Saturday, March 9, 2024

Arneson’s version of Challenge Rating

One of the more fascinating bits of information to be gleaned from Tonisborg is a section which reveals Arneson’s methodology of stocking dungeons. For those of us who have used Moldvay as our go-to guide for creating dungeons, we might expect an Arneson dungeon to have monsters in about one third of all rooms. If you are exploring dungeon levels 3-6, this is exactly what you would find; however, only 1-in-6 rooms on dungeon levels 1 and 2 have monsters and half of the rooms on dungeon levels of 7+ are occupied.

Each room that has monsters is assigned what are called “Protection Points” — a randomly determined amount of hit points that are used to “buy” monsters with. As described in Tonisborg, the number of Protection Points are based on an average party size of 4 to 5 PCs. Unfortunately, I found the table provided to be a bit confusing, but was able to take the concept and the described math to provide a very simple metric for determining the number Arneson’s Protection Points:

(1d6+1)(Dungeon Level) per PC*

*This assumes that that HD are based on a d6. This die would shift depending upon what the standard HD is according to the edition used.

Thus, if I were stocking the second level of my dungeon, I would be rolling 2d6+2 Protection Points for each PC in the party. So, if my party had 3 PCs the total number of Protection Points would be 6d6+6.

Additionally, Arneson had a “one sixth principle of monster variation.” On top of the dice rolled above, an extra d6 is rolled. Should that d6 result in a ‘6,’ there is a 50/50 chance that the number of points are halved or doubled.

Thus, in the example above, an average roll would result in 27hp; this would be halved to 14 hp or doubled to 54 hp with a ‘6’ on the variation die.

I have yet to try this method at the table, but in principle it does several things: 

1) It clearly sets up the expected danger of each dungeon level while allowing for some encounters to be surprisingly easy or hard. 

2) It despenses with the need to roll for the number of monsters encountered or for hit points. Both are simply assigned based on the number of Protectin Points avaible. In a way, it frees up the Referee to more exactly tailor their dungeon.

For example, our room on the second level has 27 Protection Points. This can be a typical encounter of 2HD monsters like 3 gnolls with 9 hp each. Or, it could be a bit more ridiculous with 27 goblins with 1 hp each. Or it could be a bit more chellenging with a single 5HD creature like a griffin with 27 hp. 

3) It allows for a kind of short hand when designing/stocking a dungeon. I can simple indicate the number of protection points each occupied room has and assign these points to monsters on the fly depending on whim, need, or random roll. It gives me the freedom to adjust some of the difficulty of a room by increasing or decreasing the number of potential attacks. For example, if I wanted to buy gnolls with my 27 Protection Points and my party needed a bit more of a challenge, I can increase the number of gnolls to 9 with 3 hp each; however, the overall deadliness of nine gnolls is somewhat mitigated by the fact that each will die from average hit from a PC.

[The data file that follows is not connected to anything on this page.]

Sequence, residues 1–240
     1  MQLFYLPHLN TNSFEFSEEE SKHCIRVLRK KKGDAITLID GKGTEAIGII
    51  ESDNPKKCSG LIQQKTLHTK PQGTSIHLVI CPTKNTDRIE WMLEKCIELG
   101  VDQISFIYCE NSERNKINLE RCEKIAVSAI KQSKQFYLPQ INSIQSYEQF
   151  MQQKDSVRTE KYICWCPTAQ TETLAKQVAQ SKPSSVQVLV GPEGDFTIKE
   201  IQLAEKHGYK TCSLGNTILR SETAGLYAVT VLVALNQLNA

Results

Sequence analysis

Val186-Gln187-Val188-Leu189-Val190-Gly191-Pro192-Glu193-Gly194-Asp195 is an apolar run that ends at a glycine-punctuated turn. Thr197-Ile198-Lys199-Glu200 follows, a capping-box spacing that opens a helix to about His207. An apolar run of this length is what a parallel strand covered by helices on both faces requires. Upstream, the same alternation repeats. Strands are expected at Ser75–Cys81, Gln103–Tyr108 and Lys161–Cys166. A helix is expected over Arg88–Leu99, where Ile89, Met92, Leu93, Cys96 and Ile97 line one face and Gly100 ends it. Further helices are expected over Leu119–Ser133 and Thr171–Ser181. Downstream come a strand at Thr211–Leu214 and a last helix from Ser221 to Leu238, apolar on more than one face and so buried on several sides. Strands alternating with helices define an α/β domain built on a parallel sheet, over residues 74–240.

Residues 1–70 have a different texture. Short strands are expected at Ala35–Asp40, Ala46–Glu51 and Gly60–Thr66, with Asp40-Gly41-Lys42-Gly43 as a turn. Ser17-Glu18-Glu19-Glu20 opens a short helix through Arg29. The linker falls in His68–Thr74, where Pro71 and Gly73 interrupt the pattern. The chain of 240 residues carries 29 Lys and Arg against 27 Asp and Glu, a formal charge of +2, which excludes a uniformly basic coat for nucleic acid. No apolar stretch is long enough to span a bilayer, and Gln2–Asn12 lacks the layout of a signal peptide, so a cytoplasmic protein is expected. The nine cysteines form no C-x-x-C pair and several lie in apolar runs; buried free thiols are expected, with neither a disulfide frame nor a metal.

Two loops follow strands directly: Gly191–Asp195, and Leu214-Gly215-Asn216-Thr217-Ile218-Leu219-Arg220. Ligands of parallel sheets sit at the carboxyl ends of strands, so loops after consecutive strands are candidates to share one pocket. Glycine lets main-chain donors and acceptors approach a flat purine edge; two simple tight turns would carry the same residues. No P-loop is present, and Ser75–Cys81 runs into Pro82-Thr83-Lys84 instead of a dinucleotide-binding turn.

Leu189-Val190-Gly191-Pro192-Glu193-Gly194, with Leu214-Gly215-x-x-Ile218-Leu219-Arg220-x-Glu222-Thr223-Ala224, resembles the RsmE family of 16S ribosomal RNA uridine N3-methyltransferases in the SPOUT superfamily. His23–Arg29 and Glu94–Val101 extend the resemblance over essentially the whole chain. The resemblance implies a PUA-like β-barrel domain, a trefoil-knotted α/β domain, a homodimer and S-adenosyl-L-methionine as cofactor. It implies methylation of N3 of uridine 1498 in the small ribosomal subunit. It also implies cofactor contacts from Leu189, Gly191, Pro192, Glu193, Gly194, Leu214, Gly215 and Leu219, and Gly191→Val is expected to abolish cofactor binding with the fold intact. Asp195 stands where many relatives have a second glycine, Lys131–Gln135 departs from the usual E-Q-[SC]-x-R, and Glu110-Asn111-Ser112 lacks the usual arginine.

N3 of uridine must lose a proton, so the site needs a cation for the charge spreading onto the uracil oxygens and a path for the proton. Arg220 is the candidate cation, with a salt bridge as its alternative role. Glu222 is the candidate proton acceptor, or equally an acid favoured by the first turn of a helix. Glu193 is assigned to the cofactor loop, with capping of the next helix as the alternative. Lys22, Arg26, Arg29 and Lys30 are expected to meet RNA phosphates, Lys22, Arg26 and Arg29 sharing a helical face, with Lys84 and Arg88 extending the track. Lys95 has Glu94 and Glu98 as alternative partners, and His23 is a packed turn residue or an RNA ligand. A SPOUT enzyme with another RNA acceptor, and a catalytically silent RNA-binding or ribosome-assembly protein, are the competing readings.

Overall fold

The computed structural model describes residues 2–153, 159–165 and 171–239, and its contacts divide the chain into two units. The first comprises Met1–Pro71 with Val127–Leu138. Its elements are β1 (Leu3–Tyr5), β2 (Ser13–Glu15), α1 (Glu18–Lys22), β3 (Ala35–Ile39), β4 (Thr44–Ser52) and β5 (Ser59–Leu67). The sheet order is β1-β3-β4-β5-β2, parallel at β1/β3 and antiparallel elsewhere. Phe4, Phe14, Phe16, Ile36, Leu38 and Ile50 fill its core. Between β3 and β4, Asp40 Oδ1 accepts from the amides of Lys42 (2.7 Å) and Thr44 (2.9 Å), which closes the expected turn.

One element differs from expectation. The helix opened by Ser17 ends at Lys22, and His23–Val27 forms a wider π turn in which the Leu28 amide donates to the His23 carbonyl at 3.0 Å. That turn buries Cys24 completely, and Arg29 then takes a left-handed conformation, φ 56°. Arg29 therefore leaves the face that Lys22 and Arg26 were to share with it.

This is an idea that seems far more practical than Challenge Levels and their equivalants in the modern game. It will also be something I will have to experiment with to see how it actually plays. Nonetheless, fascinating stuff!



gwiz said...

I just find it bizarre that a dungeon can have a Griffin in one room, five rooms away 3 Gnolls, and 5 rooms from there 27 goblins. That's a pretty interesting environment.

FrDave said...

There tend to be two major schools of thought on what occupies a dungeon:
1) Gygaxian Naturalism is the most popular, where dungeons make sense from a rational/naturalistic POV. If a dungeon has goblins, the dungeon should have all the things one might find in a place where goblins live (latrine, dire wolf kennel, goblin baby nursery, etc.
2) The Mythic Underground is the other. The dungeon is a character unto itself. It actively works against the PCs, producing monsters, traps, and new passages to try and lure them to their deaths. The lower one goes into the dark, the more power the dungeon has — it gets more dangerous with more dangerous monsters, traps, etc.
Both types date back to the origins of the game and both types are fun to run and build. As I grow older, however, I am more interested in exploring the capabilities and nuances of the latter. It challenges our modern ways of thinking about the world and I like that as a more medieval thinker. While Arneson's Protection Point system can be used according to both schools, it opens up the possibilities of the Mythic Underground in a way I haven't seen before.